MONTPELIER — The Vermont Supreme Court heard oral arguments Tuesday on whether outgoing Democratic Gov. Peter Shumlin can appoint a replacement for one of its members, Justice John Dooley, before Shumlin leaves office on Thursday. The hearing Tuesday, held in a packed Supreme Court chamber filled with media, lawmakers, statewide elected officials and other observers, was triggered by a petition filed by Rep. Donald Turner and Sen. Joe Benning just before Christmas challenging Shumlin’s authority to name Dooley’s replacement. The justices made no indication Tuesday afternoon before ending the court session when it would issue a ruling. However, the court is expected to rule imminently in order to settle the matter before Republican Gov.-elect Phil Scott is sworn into office on Thursday afternoon. Should the justices rule in Shumlin’s favor he could then name a replacement for Dooley on Wednesday when the new Senate is sworn in. Continue Reading →

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Shumlin issues 192 pardons for pot possession

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Editor’s note: This story was updated at 11:35 a.m. to include additional information. MONTPELIER — Outgoing Gov. Peter Shumlin issued 192 pardons to Vermonters convicted of possessing small amounts of marijuana, fulfilling a promise he made last month and setting a new record for pardons issued by a single governor in the state’s history. Shumlin, a Democrat, announced on Dec. 8 that he was offering pardons to as many as 17,000 Vermonters who were convicted of possessing marijuana before the state decriminalized the offense in 2013, making it a civil violation akin to a traffic ticket. He said the offer was intended to help create “a more sane drug policy.”

A total of 460 people applied for a pardon through a special application created by the Shumlin administration. Continue Reading →

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Sears backs Shumlin in Supreme Court legal battle

Sen. Dick Sears

Editor’s note: This story was updated at 4:30 p.m. to include comments from Gov.-elect Phil Scott. MONTPELIER — The chairman of the Senate Judiciary Committee has filed a friend of the court brief with the Supreme Court defending Gov. Peter Shumlin’s authority to appoint a Supreme Court justice before he leaves office on Thursday. Sen. Dick Sears, D-Bennington, a close friend and political ally of Shumlin, submitted the legal argument ahead of a Tuesday hearing scheduled by the state’s highest court to determine if Shumlin can make the appointment. Sears is asking the court to dismiss or deny the petition filed by two lawmakers challenging Shumlin’s authority. “Once the vice chair of the committee got involved I thought the chairman ought to get involved,” Sears told the Vermont Press Bureau. Continue Reading →

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Shumlin to offer pardons for pot possession

Gov. Peter Shumlin speaks to reporters about his plan to pardon Vermonters convicted of possessing small amounts of marijuana before he leaves office. (VPB/Neal Goswami)

MONTPELIER — Gov. Peter Shumlin said Thursday he will look to pardon as many of the 10,000 to 17,000 Vermonters convicted of possessing an ounce or less of marijuana as he can before he leaves office on Jan. 5. Shumlin announced his administration’s effort to issue the pardons Thursday and the creation of an online application form on his official website. “When you look at the Vermonters who are sitting out there with criminal records because they had an ounce or less of marijuana, it could have happened in the 1960s, 1970s, 1980s, there’s thousands of them and as governor I’ve been trying to lead a more sane drug policy,” Shumlin told reporters. The state decriminalized the possession of an ounce or less of the drug in 2013, but many Vermonters still have convictions for something that is now considered to be a civil violation in the state, not a criminal violation. Continue Reading →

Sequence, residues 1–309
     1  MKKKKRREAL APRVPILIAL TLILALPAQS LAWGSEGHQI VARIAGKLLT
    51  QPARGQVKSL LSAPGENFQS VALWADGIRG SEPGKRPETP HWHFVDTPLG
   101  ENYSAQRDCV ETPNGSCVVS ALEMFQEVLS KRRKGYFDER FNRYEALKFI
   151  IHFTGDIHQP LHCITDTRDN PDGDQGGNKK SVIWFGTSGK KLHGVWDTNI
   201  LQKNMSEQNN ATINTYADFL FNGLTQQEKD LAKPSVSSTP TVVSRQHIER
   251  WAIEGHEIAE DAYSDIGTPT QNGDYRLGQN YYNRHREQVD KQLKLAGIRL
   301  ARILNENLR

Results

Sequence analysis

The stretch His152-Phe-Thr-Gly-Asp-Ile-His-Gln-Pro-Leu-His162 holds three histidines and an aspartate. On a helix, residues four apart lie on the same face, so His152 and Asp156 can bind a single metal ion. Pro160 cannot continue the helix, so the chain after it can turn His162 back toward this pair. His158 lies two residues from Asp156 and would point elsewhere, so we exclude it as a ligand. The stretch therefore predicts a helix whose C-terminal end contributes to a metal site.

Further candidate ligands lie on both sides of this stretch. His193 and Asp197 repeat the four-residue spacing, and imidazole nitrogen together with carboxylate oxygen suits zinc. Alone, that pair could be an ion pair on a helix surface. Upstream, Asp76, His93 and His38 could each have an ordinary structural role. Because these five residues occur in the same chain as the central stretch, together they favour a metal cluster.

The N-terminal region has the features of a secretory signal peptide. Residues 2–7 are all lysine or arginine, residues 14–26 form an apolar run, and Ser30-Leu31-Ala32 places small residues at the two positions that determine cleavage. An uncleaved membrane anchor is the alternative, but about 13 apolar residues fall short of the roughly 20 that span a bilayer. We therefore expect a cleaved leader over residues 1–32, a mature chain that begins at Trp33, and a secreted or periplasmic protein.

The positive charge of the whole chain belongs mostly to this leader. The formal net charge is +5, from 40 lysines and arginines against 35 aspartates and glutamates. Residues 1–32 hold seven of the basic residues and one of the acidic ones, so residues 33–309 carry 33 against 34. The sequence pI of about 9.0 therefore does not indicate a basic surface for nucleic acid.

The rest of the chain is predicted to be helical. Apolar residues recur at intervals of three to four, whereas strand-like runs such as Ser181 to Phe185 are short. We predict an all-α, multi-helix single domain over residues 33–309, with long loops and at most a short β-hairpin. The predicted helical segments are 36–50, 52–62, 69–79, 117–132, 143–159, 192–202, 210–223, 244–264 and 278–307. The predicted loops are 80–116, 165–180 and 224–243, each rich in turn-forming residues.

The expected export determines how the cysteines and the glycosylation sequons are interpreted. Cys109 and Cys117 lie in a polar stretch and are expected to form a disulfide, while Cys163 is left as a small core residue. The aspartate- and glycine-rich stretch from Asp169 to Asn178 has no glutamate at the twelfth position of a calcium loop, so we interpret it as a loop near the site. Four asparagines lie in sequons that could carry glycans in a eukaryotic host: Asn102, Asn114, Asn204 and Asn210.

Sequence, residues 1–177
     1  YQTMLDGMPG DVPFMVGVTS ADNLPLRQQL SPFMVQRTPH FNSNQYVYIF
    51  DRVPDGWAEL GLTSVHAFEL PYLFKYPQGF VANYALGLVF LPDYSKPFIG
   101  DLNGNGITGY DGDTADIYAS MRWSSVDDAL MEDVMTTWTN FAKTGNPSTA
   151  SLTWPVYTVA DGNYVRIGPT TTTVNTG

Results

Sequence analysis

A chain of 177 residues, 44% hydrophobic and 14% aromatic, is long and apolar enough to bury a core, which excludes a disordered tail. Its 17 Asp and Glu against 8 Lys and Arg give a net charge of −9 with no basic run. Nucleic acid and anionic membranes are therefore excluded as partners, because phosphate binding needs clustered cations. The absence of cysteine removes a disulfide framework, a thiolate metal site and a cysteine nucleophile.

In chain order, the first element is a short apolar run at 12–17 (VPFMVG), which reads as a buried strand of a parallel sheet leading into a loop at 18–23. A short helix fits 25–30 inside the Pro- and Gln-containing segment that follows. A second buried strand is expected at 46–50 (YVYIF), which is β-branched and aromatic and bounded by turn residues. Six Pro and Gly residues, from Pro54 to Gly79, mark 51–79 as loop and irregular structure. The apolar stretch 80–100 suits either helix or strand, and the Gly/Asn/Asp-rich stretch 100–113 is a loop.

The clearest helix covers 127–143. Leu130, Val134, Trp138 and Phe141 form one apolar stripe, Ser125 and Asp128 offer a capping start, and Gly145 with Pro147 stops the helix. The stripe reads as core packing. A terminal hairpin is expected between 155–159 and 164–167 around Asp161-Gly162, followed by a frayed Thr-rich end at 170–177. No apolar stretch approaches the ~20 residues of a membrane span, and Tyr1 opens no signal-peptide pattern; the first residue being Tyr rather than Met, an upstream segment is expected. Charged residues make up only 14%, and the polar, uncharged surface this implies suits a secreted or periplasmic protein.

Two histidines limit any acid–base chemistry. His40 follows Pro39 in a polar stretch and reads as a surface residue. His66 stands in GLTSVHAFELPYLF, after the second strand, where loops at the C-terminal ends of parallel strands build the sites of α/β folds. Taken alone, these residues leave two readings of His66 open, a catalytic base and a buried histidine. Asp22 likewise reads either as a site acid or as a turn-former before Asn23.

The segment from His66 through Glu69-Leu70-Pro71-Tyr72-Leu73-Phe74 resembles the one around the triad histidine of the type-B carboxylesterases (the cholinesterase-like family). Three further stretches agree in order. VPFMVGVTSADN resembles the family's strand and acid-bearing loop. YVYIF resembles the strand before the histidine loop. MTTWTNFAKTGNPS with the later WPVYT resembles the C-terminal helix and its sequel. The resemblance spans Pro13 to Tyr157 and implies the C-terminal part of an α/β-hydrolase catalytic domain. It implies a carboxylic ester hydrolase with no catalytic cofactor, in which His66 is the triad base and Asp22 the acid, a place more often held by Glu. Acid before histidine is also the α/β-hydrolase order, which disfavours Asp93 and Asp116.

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Shumlin: Obamacare critical for Vermonters

Vermont Gov. Peter Shumlin speaks about the progress of Vermont Health Connect, the state's online health insurance marketplace, and the importance of the federal Affordable Care Act to Vermont. (VPB/Neal P. Goswami)

MONTPELIER — Gov. Peter Shumlin is defending Obamacare and the state’s health care exchange as President-elect Donald Trump signals his intention to decimate them, a move the governor says will be an “extraordinary disaster for Vermonters.”

Shumlin, who is nearing the final month of his governorship, used a Montpelier news conference Tuesday to defend the federal and state health care reform efforts during his six years in office. He said Vermont Health Connect, the state’s online health insurance marketplace created under the federal Affordable Care Act, is finally working as anticipated when it launched in Oct. 2013. “I personally believe that Vermont now has among the best functioning state exchanges in America and probably the best functioning state exchanges in America,” the governor said. The open enrollment process, which has struggled in past years as technology faltered, is “proceeding smoothly,” Shumlin argued. Continue Reading →